OK, this isn't the end of the galaxy, the quadrant, or even the world. But it sure is another example of how totally inane intellectual property demands have become. Make sure you're sitting down before reading onward for this one.
Since early in the public availability of Google's Android OS, there's been an Android user app under continuing development called Tricorder -- delightful, free, and utterly harmless.
The Tricorder app displays, with optional beeps and boops to gladden the heart of any Trekkie or Trekker (don't drag me into that comparative naming issue, please!), a variety of Android phone sensor data and some external info, such as current solar conditions and the like.
Tricorder's very limited display layout is a bit reminiscent of the colors and curves of Enterprise display screens from Star Trek: The Next Generation, but only in the most general of ways. Great fun for Trek fans, though.
Now, after all this time, comes word that CBS ordered Google to pull the app from the Android Market, causing the author to defensively obliterate his associated Google Code hosted project.
CBS claims infringement on the "LCARS graphical user interface" from the show.
To call this moronic would be an understatement similar to calling the Borg a "minor nuisance" to The Federation.
The Android Tricorder app "infringes" on Star Trek to the same degree that a homemade model of the Empire State Building created from LEGO building blocks would infringe on the property rights of Malkin Holdings (owners of the actual building).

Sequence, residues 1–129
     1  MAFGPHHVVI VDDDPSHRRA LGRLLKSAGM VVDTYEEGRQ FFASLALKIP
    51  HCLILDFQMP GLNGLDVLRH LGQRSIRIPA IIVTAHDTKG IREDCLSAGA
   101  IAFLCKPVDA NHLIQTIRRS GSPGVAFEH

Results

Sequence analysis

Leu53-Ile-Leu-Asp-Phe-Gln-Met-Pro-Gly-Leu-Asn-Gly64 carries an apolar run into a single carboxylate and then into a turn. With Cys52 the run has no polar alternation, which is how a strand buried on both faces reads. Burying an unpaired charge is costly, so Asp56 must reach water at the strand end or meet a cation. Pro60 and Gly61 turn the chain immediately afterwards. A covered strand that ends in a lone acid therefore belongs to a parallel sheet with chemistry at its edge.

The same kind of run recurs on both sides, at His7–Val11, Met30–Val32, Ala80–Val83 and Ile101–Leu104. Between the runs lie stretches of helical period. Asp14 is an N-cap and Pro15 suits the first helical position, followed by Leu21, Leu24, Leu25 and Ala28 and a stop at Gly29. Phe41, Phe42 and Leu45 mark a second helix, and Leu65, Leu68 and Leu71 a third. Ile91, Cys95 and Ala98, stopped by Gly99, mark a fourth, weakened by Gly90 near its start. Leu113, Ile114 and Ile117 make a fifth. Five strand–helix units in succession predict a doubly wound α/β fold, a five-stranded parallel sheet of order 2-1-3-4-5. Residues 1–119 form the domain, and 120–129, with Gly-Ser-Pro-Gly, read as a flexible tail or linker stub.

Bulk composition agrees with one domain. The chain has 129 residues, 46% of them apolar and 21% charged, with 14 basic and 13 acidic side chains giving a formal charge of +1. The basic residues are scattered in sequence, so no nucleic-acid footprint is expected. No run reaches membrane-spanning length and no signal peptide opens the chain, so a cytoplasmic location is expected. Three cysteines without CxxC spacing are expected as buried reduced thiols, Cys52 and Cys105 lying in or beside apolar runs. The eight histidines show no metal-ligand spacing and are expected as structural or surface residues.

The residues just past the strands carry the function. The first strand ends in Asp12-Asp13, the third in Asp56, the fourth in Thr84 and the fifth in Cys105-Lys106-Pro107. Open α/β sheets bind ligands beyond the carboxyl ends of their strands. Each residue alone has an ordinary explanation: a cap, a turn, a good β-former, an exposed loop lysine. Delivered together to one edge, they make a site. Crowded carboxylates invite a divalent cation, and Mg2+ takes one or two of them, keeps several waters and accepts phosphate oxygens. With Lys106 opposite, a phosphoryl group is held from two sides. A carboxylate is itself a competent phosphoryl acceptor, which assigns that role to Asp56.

It's almost (but not quite!) possible to feel sorry for the poor slob at CBS or their law firm whose job it must be to go searching around the Net for anything even vaguely Trek-like on which to sic the DMCA. Using heavy boots to stomp on Tribbles is probably this person's idea of a good time.
Many, many Stardates ago, I spent a chunk of my life in Hollywood working within the Star Trek universe, and I had the opportunity to interact with various of the original creators and principals. Even way back then, there was certainly an interest in protecting against direct copying of key Trek intellectual property, but I believe that the concept of calling out the lawyers to shut down a remotely affiliated free Tricorder simulation would have been laughed right off the sound stage.
And of course, you can still find the Tricorder app (latest version 5.12, I believe) with a wee bit of searching -- at least perhaps until Congress passes PROTECT IP and starts to enforce its censorship will on the entire Internet. Kinda makes the Borg's "assimilation" scheme seem almost lightweight by comparison.
In 1976, in the classic skit The Last Voyage of the Starship Enterprise from the first season of Saturday Night Live, the late John Belushi's character of Captain Kirk explained that, "We have tried to explore strange new worlds, to seek out new civilizations, to boldly go where no man has gone before. And except for one television network, we have found intelligent life everywhere in the galaxy."
At the time, he was speaking of NBC. Those words written by Michael O'Donoghue could be applied in reference to CBS with an order of magnitude more emphasis today.
When it comes to copyright laws and intellectual property in the Internet universe of the present, it's Star Peck, Wreck, and Dreck -- not Trek.
CBS and its kin, like the Borg, tell us that "resistance is futile."
We shall see.